One Egyptologist isn’t ready to close the book on the tale of two toes. Once thought to be mere ornamentation for the afterlife, the artificial toes found on two ancient Egyptian mummies may actually be the earliest known prosthetic limbs.
The fake toes in question are the Greville Chester and Tabaketenmut toes. The Greville toe dates to before 600 BC and is made of cartonnage (similar to papier mâché); the Tabaketenmut toe could date as far back as 710 BC and is made mostly of wood, though researchers believe it also contains leather, and it even has a hinge for flexibility.
Jacky Finch, an Egyptologist at the University of Manchester, UK, had a hunch that these artificial toes weren’t just for looks. Not only were the toes rigorously correct in their anatomy, but they also showed signs of wear and tear–which prompted an experiment that has been over 2,000 years in the making.
Our medical establishment has elaborate rules governing patients’ privacy and ensuring that embarrassing medical details don’t become public. But when King Tut is diagnosed with a disease–or even when researchers turn up something as sensitive as signs of inbreeding–it makes headlines across the world. That’s just not fair to Tut, two researchers are arguing.
Anatomist Frank Rühli and ethicist Ina Kaufmann of the University of Zurich, Switzerland argue that mummy research needs an ethical overhaul. In their paper, published in the Journal of Medical Ethics, they note that probing a mummy is an invasive process that can reveal intimate facts, and point out that the mummy never gave informed consent for these procedures. Rühli suggests that mummy researchers should weigh their scientific objectives against the rights and potential wishes of the long-dead individual.
Søren Holm, the editor-in-chief of the Journal of Medical Ethics, told New Scientist that researchers should ask themselves if they’re motivated by voyeuristic interest.
Holm, a philosopher and bioethicist at the University of Manchester, UK, wants researchers to think about whether their work is motivated by scientific inquiry or simply by curiosity. “Do we really need to sort out the intricate details of Tutankhamun’s family history?” he asks…. “I try to treat mummies like patients,” he says. “I don’t like it if researchers make fun out of them, or show them to gruesome effect.”
At the very least, mummy researchers, that means no dancing around the lab and making mummies reenact Steve Martin’s King Tut routine.
80beats: What Killed King Tut? Incest and Malaria, Study Says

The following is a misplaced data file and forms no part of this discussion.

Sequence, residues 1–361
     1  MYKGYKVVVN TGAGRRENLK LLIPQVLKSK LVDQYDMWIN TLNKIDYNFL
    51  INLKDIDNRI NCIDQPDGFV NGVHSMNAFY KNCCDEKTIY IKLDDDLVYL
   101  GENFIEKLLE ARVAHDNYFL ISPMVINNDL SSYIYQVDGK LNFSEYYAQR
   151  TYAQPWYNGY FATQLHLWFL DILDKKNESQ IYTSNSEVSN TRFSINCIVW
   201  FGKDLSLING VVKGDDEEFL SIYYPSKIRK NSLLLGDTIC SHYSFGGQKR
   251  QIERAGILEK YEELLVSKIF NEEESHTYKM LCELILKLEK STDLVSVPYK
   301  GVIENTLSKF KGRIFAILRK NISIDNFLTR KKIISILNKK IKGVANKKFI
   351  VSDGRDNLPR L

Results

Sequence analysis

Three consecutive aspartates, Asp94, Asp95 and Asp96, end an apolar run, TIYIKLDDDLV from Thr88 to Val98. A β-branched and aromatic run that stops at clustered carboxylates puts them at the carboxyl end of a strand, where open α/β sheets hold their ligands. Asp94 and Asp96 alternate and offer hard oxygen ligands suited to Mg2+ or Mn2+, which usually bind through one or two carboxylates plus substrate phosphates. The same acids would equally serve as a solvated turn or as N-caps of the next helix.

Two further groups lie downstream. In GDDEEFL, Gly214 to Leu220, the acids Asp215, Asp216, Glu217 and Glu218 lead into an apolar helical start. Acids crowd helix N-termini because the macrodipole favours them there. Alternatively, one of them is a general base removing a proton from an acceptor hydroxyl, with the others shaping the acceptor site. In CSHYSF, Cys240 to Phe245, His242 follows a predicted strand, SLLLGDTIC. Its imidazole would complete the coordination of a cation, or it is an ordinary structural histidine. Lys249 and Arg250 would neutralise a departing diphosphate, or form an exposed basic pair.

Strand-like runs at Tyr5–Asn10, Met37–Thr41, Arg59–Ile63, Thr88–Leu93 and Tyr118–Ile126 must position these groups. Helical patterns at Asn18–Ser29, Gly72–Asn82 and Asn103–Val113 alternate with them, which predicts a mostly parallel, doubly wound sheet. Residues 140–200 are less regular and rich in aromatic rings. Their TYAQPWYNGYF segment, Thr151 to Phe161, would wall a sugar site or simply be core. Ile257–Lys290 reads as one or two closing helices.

80beats: Scientist Smackdown: Did King Tut Die of Malaria or Sickle Cell?
80beats: X-Rayed Mummies Reveal That Ancient Egyptians Had Heart Disease
Discoblog: Secret Mummy Formula Will Make You Look Young Forever
DISCOVER: 5 Questions for the Mummy Doctor
Image: Wikimedia Commons
In 1991, German hikers found a surprise on an Alpine trail: a dead body. It turned out the man had died some time ago–around 5,000 years earlier. Researchers guessed from his scattered belongings that the iceman had died a lonely death from the cold and an arrow wound in his shoulder. But now, based on the way his belongings were scattered and the timing of his last meal, some archaeologists think the iceman named Ötzi may have had a proper funeral.
Though many previous studies have looked at the body itself, ScienceNOW reports that archaeologist Alessandro Vanzetti and his team looked at all of the iceman’s gear. They used a modeling technique called spatial point pattern analysis to make a map of how Ötzi’s goods–including axe, dagger, quiver, backpack, and unfinished bow–got to their final resting places. Specifically, the analysis determines how Ötzi’s surroundings froze and thawed over time. The researchers say the scattering is consistent with a ceremonial burial and that Ötzi’s tribe may have placed his possessions around him on a nearby stone platform. The study, which ScienceNOW calls “provocative,” appears in Antiquity Journal.
The secret to everlasting youth may be an injection of formalin, alcohol, glycerin, salicylic acid, and zinc salts. Of course, you’d have to be dead first. Those ingredients, scientists now know, made up the embalming formula that has kept the body of a Sicilian toddler in nearly pristine condition for almost a century.
Known as the “Sleeping Beauty” for her still-life-like appearance, Rosalia Lombardo was only two years old when she died of pneumonia in 1920. Her grieving father hired innovative taxidermist and embalmer Alfredo Salafia to preserve her body, which to this day is on view in a glass-fronted coffin in the Capuchin Catacombs of Palermo, Italy.
Italian biological anthropologist, Dario Piombino-Mascali of the Institute for Mummies and the Iceman, finally uncovered the secret of Salafia’s expert mummification technique by tracking down his living relatives. It turns out that Salafia had written down the recipe he used to preserve Rosalia in his personal memoir.